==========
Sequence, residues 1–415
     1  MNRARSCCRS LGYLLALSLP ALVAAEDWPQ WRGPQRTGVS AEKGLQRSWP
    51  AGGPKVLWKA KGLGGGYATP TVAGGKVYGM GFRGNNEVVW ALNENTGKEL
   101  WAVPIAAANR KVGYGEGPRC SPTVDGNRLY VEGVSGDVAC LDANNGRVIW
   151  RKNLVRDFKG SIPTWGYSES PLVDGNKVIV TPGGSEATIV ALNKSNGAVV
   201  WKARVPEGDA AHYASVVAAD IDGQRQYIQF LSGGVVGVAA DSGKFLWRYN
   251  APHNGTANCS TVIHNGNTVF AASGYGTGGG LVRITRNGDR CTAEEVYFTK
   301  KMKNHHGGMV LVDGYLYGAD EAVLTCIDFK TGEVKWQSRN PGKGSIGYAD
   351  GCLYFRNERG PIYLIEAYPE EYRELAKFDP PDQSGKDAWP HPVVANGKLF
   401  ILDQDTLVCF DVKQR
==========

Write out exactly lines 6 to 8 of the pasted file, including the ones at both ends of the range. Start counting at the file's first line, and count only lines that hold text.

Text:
   201  WKARVPEGDA AHYASVVAAD IDGQRQYIQF LSGGVVGVAA DSGKFLWRYN
   251  APHNGTANCS TVIHNGNTVF AASGYGTGGG LVRITRNGDR CTAEEVYFTK
   301  KMKNHHGGMV LVDGYLYGAD EAVLTCIDFK TGEVKWQSRN PGKGSIGYAD